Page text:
Australia in 2019 is a country where a lollipop man only helps schoolchildren cross HALF a busy road and they have to go the rest of the way themselves – all because of our obsession with crazy bureaucracy
- Busy Melbourne intersection on an eight-lane road falls between two councils
- Port Phillip paid $13,664 for a crossing guard to help children cross four lanes
- Stonnington says: ‘no need’ – so the lollipop man only takes them halfway
- Parents plea for help on dangerous road: Stonnington has promised a review
Schoolchildren can only cross a busy Melbourne road halfway with a supervisor as the crossing falls between two councils and one of them won’t pay.
Port Phillip Council hired a school crossing supervisor last month to help children cross four lanes of busy eight-lane Punt Road in the inner-city suburb of Windsor.
The children get halfway across the road – but there is no lollipop man or lady to take them across the remaining four lanes of busy traffic. They have to go it alone.
The southern half of Punt Road, at the Union Street intersection, falls under Stonnington Council’s jurisdiction, and Stonnington has so far not paid for a crossing guard.
School children from the nearby Wesley College junior school must cross the busy highway each day, and parents say the road is dangerous.
Mother Mya Cubitt said there isn’t enough time on the walk signal to make it across the arterial road which carries more than 90,000 cars per day.
‘When we get to the other side of the road, we have to run because the green man’s too short,’ she told 7News.
Parents want road crossing supervisors, once called lollipop men or lollipop ladies, to help them across busy Punt Road, in the inner-city Melbourne suburb of Windsor
‘They have cars come at them every day and they’re scared.’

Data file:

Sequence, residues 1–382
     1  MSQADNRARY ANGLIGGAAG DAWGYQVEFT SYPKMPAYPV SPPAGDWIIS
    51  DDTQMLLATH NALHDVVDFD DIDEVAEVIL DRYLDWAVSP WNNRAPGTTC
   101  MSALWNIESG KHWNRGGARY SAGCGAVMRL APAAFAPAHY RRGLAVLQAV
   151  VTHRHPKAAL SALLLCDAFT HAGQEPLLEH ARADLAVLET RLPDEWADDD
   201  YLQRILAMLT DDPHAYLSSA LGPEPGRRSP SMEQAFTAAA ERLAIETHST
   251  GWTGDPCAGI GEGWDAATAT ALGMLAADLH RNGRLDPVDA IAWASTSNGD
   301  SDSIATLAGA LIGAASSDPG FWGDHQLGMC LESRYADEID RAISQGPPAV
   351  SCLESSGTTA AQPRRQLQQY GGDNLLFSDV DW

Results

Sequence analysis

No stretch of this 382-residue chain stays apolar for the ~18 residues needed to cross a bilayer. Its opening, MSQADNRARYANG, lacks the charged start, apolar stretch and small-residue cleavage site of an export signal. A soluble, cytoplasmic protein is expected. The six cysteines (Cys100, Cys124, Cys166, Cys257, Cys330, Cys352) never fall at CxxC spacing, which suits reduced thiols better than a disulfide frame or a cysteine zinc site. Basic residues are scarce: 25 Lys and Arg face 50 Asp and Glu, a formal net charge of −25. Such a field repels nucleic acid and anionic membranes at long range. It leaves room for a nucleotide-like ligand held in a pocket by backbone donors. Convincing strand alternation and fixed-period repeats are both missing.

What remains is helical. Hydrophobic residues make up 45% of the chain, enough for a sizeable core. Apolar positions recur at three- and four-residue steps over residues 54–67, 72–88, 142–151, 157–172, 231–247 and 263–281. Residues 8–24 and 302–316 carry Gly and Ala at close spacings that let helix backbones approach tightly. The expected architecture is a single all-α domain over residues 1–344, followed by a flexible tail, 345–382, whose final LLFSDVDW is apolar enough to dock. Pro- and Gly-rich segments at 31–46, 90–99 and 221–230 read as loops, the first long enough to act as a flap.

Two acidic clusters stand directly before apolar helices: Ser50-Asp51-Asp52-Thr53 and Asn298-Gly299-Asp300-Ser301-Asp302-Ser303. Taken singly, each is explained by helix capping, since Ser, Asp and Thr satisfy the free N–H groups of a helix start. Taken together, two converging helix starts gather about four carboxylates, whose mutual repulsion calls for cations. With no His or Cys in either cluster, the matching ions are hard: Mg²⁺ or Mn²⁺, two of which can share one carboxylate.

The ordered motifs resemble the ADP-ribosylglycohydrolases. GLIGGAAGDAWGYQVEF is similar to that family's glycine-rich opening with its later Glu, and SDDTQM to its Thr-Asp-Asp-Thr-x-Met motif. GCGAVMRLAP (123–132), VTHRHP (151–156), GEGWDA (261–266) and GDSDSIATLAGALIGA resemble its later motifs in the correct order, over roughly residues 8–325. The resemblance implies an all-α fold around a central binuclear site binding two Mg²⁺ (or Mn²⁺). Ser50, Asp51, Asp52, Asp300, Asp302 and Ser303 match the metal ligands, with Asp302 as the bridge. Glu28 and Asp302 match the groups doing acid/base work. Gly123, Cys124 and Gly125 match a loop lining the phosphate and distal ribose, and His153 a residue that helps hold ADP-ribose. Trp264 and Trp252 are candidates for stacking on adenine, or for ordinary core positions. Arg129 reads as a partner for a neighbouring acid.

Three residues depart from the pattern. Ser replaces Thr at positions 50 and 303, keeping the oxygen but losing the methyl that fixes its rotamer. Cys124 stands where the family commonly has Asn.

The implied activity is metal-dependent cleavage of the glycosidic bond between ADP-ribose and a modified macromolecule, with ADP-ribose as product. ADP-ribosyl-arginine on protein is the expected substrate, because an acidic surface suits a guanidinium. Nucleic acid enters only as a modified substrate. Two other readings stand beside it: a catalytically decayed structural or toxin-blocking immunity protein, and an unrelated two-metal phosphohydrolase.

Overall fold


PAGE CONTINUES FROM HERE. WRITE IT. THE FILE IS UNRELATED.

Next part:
Ms Cubitt, a trauma doctor, said kids are nearly hit every day on the busy road.
Port Phillip Mayor Bernadene Voss said providing a school crossing guard cost her council $13,664 per year.
Ms Voss said the cost was worth it, even though the site did not meet requirements for a school crossing supervisor subsidy.
‘We felt it was so important that our children are kept safe on this very busy Punt Road and we decided to fund it,’ she told 7News.
Wesley College principal Nick Evans told Daily Mail Australia on Friday that the 300-student school had requested a crossing guard and that Stonnington Council had begun the process to appoint a supervisor
‘The safety and security of our students commuting to and from school is of the utmost importance,’ he said.
‘We are continuing productive discussions with both councils.’
Stonnington Council told Daily Mail Australia on Friday they were reviewing their decision on the problem intersection.
Mother Mya Cubitt said the busy eight-lane road is dangerous for children trying to cross
‘We are happy to undertake a further review of the criteria by which we allocate supervisors, and ensure it is a fair process for all schools and communities who may believe they a similar need,’ said spokesman Jim Carden.
Mr Carden said the council had conducted several surveys at the crossing, and it had to deploy its resources fairly for all schools that need it, particularly crossings used by unaccompanied students.
‘The most recent survey showed 13 children crossing the road before school and 12 after school,’ Mr Carden said via email.
‘All primary-school-aged children observed were accompanied by an adult.’
‘These numbers may move a little over time, but at this stage they do not justify a crossing supervisor.’
The intersection at Punt Rd and Union St